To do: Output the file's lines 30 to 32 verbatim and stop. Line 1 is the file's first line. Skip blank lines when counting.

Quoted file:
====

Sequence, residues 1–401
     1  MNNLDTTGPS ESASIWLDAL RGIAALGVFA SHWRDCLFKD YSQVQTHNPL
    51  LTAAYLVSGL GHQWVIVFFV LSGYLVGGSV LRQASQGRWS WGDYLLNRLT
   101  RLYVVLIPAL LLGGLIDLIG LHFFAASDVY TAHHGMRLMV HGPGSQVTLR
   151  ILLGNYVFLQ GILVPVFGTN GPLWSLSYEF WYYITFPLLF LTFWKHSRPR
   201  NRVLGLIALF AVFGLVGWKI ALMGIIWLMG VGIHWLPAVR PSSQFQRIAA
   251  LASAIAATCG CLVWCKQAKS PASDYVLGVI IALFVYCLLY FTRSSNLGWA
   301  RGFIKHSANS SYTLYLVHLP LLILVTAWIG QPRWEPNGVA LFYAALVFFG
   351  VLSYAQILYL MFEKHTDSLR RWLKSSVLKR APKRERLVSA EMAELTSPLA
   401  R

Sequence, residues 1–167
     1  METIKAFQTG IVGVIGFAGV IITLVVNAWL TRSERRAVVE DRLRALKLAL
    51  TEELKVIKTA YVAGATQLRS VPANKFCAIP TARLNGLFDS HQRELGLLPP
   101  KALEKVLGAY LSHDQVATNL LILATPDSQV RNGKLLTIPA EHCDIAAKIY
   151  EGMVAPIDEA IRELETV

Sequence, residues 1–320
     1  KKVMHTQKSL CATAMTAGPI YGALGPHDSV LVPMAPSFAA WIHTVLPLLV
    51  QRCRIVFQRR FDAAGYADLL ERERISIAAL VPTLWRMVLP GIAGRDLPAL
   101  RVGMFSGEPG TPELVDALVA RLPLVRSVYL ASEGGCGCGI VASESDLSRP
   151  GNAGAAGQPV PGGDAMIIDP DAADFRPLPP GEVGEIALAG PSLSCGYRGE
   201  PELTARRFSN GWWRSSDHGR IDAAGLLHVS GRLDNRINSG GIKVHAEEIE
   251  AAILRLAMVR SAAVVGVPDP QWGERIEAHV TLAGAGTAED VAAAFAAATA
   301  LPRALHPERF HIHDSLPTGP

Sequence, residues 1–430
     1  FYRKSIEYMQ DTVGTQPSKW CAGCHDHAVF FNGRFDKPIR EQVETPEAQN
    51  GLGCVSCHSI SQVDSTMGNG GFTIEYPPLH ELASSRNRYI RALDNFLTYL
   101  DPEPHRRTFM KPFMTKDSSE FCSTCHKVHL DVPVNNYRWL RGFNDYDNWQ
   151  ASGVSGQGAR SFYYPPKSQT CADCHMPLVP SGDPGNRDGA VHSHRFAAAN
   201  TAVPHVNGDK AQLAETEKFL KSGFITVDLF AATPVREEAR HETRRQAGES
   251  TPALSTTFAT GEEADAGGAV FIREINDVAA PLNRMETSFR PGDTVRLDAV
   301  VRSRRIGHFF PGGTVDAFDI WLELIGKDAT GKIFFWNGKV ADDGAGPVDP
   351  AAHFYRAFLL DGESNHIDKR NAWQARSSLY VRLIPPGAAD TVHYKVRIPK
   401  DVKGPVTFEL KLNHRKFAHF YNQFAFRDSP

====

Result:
   251  TPALSTTFAT GEEADAGGAV FIREINDVAA PLNRMETSFR PGDTVRLDAV
   301  VRSRRIGHFF PGGTVDAFDI WLELIGKDAT GKIFFWNGKV ADDGAGPVDP
   351  AAHFYRAFLL DGESNHIDKR NAWQARSSLY VRLIPPGAAD TVHYKVRIPK